2. In S.B.Cr. Appeal No. 401 of 1977, the respondent is Jainarayan who was running a sweetmeat shop at Gangapur in District Bhilwara. On 14.1.76 at 12.00 p.m. Shri Prakash Chandra, PW 1, Food Inspector, Gangapur went to the shop of the respondent and found him selling 'Moong Laddoos'. Suspecting the 'Laddoos' to be adulterated, he purchased 1.5 kg. off 'Laddoos' after paying him a sum of Rs. 15/-. The said 'Laddoos' were divided into three portions, and were placed in three separate bottles which were separately sealed in the presence of motbirs. One of the sample bottles was given to the respondent and one of the said bottles was sent to the Public Analyst, Public Health Laboratory, Ajmer, along with memorandum Ex P 5. The report Ex.P 6 received from the Public Analyst showed that the ghee in the sample of the 'Laddoos' was adulterated as it did not conform to the prescribed standard of purity. Thereupon, after obtaining necessary sanction Under Section 20 of the Prevention of Food Adulteration Act (hereinafter referred to as 'the Act'), the Food Inspector filed a complaint in respect of the offence Under Section 7/16 of the Act in the Court of Munsif and Judicial Magistrate, Gangapur. The Judicial Magistrate, by his judgment dated 6-6-77, acquitted the respondent on the view that there was non-compliance with the mandatory provisions of Rule 16 of the Prevention of Food Adulteration Rules, 1955 (hereinafter referred to as 'the Rules' ) in as much as there was no evidence on the record to show that the Food Inspector had sent to the Public Analyst separately the specimen impression of the seal with which the packet containing the sample had been sealed. Being aggrieved by the aforesaid judgment of the Judicial Magistrate, the State has filed this appeal before this Court after obtaining leave to appeal Under Section 378(iii), Cr. PC.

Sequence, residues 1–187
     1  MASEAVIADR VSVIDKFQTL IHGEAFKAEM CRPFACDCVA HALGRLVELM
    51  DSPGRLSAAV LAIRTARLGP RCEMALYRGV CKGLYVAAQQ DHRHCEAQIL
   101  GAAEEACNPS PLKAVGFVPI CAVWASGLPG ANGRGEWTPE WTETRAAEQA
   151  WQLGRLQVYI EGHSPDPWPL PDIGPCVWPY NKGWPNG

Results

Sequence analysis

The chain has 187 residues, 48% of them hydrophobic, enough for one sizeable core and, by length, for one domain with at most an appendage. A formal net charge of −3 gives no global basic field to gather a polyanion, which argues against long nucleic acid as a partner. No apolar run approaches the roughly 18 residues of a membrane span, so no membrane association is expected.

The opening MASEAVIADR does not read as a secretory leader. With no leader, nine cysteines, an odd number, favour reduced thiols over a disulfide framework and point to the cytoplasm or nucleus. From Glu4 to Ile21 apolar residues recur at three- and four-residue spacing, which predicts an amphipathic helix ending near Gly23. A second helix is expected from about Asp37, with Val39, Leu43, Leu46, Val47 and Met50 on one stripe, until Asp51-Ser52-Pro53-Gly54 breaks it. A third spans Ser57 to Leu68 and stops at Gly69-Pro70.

3. In S.B Criminal Appeal No. 403 of 1977, the respondent is Sohan Lal who was carrying on the business of extracting oil from oilseeds. On 27 2.76, Shri Prakash Chandra PW 1, Food Inspector, Gangapur, purchased a sample of 'til' oil from the respondent. The said sample was divided into three parts and the said parts were placed in three separate bottles which were duly sealed. One of the bottles was given to the respondent and one bottle was sent by the Food Inspector for chemical examination to the Public analyst, Public Health Laboratory, Ajmer, alongwith the memorandum Ex P 5. The report Ex. P 6 received from the Public Analyst showed that the sample of til oil was adulterated as it d d not conform to the prescribed standares of purity. Thereupon, after obtaining necessary sanction Under Section 20 of the Act, the Food Inspector filed a complaint in respect of offence Under Section 7/16 of the Act in the Court of Judicial Magistrate, First Class, Gangapur and the Judicial Magistrate, by his judgment dated 6.6.77, acquitted the respondent on the view that there was non-compliance with the mandatory provisions of Rule 18 of the Rules in as much as the complainant had failed to adduce any evidence to show that the specimen impression of the sea! with which the packet containing the sample had been sealed had been sent separately to the Public Analyst. Hence this appeal by the State after obtaining leave to appeal Under Section 378(iii) Cr. PC.